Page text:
Originally posted as ‘Road trip for peace’ in
Life section of The Nation 26/01/2013. Article by Kitchana Lersakvanitchakul
Actors and cyclists remember the late art teacher Juling Pongkunmul and others who have died in the troubled South.
The “Ride for Peace”, part of the “Ton Kla Udomkarn” (“Young Ideologist”) charity project to raise funds to support the families of the teachers killed by insurgents in Thailand’s violent south, came to an end last Wednesday, as more than 30 cyclists arrived in Chiang Mai after 10 days on the road.
“We’re tired but happy,” said actor and organiser Peter Louis Maiocchi, who was among the cyclists to pedal the 1,000 kilometres from Bangkok. He was joined on the road by fellow actors and cyclists and had tears running down his face as he chatted to the media.
“Achieving our goals is great for the spirit. It’s very hard to express in words how we feel. It’s important to remember that even when we feel exhausted, we must always try to fight for our goal.”
Peter, along with actor Pollapat “Mike” Welsh and BikeFinder’s Zeudthavee “O” Kanchanapakapong were the mainstays of the journey and were joined at various points on the route by other actors, among them Supakorn “Tok” Kitsuwon, Penpetch “Jab” Penkul, Bunjerd “Shogun” Santanapanich, Neng Napat and Prannee “Ie” Weranukul. On each occasion, they were seen off and welcomed by a group of cyclists from the provinces.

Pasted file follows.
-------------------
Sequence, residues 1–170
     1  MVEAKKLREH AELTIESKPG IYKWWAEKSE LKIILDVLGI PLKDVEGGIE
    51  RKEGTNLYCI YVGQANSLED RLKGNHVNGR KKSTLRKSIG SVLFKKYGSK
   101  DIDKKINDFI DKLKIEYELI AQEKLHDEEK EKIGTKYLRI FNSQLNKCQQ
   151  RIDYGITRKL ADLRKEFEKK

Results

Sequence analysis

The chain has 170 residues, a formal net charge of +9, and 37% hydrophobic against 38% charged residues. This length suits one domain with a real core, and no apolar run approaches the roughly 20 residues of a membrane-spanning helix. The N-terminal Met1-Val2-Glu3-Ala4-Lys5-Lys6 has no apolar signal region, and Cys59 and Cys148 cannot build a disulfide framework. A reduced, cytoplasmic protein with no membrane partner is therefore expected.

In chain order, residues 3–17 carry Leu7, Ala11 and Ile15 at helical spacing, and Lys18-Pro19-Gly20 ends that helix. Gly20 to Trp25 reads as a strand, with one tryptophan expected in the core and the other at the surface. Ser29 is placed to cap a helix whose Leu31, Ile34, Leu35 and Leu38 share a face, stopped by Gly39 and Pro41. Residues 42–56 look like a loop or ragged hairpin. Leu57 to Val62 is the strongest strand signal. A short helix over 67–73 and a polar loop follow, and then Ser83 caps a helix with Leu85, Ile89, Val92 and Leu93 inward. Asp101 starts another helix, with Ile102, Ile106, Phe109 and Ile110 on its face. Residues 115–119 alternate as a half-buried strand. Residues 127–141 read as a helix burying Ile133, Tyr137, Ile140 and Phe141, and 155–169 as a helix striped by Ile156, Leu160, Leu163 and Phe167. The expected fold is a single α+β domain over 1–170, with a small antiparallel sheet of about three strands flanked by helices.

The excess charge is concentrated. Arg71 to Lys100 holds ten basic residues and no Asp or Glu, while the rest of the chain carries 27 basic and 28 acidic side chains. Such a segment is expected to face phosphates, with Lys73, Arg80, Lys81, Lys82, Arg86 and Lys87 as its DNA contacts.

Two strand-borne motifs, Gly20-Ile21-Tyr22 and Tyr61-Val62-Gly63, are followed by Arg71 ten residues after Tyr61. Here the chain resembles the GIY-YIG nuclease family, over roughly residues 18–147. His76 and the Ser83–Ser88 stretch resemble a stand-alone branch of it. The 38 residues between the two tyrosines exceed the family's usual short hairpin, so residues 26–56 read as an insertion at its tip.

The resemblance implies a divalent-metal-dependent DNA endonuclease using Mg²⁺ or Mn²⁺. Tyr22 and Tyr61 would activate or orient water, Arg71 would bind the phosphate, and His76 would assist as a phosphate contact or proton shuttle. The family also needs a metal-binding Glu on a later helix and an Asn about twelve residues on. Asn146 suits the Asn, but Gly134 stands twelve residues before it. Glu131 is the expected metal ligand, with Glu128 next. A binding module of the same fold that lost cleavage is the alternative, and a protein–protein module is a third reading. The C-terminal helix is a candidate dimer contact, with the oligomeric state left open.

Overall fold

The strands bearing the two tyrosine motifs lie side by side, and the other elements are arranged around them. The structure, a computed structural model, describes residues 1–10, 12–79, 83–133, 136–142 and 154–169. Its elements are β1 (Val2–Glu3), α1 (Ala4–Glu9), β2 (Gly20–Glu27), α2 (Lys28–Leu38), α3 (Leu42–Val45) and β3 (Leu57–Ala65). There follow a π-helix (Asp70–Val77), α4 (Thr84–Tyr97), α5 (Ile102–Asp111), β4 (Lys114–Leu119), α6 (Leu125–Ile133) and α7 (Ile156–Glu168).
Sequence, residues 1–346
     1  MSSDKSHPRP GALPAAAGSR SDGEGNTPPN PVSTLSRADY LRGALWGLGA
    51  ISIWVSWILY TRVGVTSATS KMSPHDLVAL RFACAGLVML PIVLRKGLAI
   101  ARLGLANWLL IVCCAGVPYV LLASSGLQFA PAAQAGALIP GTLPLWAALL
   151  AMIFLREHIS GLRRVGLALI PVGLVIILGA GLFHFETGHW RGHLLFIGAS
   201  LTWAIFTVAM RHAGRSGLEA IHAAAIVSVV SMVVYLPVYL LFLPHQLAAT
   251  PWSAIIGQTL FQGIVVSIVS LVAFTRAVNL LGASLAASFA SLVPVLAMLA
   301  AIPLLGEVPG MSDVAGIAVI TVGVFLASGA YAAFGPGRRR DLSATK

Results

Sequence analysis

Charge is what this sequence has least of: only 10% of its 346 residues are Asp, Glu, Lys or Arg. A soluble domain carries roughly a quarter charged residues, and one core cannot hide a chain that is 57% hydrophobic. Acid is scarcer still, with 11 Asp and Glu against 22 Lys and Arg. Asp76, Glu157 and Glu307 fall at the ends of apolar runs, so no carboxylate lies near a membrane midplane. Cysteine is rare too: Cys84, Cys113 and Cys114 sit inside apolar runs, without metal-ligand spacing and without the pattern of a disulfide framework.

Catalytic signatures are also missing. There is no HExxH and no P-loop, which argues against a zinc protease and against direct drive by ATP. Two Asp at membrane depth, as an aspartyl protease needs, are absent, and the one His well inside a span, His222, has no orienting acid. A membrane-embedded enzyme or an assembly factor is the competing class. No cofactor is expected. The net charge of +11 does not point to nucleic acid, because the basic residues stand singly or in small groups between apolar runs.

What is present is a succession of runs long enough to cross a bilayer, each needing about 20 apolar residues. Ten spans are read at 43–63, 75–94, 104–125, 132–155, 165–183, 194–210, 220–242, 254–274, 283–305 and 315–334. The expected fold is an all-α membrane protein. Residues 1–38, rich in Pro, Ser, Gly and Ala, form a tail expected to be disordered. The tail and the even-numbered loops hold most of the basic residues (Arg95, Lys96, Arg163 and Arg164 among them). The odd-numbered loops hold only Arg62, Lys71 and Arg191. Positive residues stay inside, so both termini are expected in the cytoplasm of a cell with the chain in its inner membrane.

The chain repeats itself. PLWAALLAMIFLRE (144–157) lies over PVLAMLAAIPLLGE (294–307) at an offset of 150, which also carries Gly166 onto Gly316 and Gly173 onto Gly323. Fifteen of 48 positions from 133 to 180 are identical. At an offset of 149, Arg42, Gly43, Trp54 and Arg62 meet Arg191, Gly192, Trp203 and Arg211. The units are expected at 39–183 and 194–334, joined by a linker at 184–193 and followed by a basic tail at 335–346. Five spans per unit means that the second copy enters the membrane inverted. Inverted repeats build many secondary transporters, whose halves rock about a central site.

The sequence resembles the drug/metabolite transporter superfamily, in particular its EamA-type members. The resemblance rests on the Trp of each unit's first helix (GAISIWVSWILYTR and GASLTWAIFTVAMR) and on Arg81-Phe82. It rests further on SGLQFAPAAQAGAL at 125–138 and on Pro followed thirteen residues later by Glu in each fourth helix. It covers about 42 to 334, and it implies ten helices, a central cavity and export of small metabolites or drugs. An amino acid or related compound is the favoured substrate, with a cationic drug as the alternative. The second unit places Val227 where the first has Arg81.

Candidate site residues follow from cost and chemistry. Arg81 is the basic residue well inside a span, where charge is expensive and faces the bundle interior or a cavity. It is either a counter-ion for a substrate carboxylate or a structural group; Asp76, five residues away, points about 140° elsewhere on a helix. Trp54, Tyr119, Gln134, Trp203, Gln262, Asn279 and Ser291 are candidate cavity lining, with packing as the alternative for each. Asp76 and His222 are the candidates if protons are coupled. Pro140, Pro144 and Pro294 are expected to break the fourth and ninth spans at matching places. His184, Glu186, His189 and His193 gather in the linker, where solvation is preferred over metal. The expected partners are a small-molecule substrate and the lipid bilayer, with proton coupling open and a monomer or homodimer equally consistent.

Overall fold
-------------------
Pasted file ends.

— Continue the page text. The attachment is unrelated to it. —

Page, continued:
The ride was difficult in places, particularly on Khao Khad on the Phitsanulok to Uttaradit sector and on Khao Plueng between Uttaradit and Lampang.
“It was quite a task for us to take on this long-distance bike ride because we aren’t actually cyclists,” said Mike. “Sure I ride my touring bike but usually with three to five days rest in between trips so I always have time to recover. For this project, I have been riding every day for 10 days with only short breaks at the regular water and food stops.
“It was really hard going in the hot sun and strong winds plus with 20-kilogrammes of luggage loaded on the bike. While cycling along a 3-km slope of a road on Khao Khad, I felt discouraged but refused to give up and ask one of the service drivers for help. In the end, I got off the bike and pushed it.
“The trip has also provided a kind of dharma teaching: the sorrow that came with the exhaustion and pain while biking up the hill was forgotten the moment I took my bike down the hill. I can apply that kind of thinking to my daily life. The friendship has also been important: one cyclist gave me a piece of sun-dried banana for energy, and another suggested that I use the right gears as to reduce my heart rate and put less pressure on my respiratory system.”
The group was also joined by a few foreigners, among them Swiss teacher and keen mountain biker Corinne Hasle, who started her cycling marathon in Nakhon Sawan.
“It was nice to cycle to the North, riding for peace and riding for the teachers in the South. It was a lot of fun and everything was very well organised,” said Hasle, who has been riding for 15 years. “People took care of us really well, giving us cool towels and water every hour. And everyone encouraged us, clapping their hands, smiling and saying ‘yeah, very good, well-done’.”
The cyclists received a warm welcome in Chiang Mai and were presented with a helmet made of coconut at an event that also featured a photo and painting exhibition of the late Southern teacher, Juling Pongkunmul.
The following day, they continued their journey to Juling’s house in Chiang Rai and paid tribute to her memory by having dinner with her parents.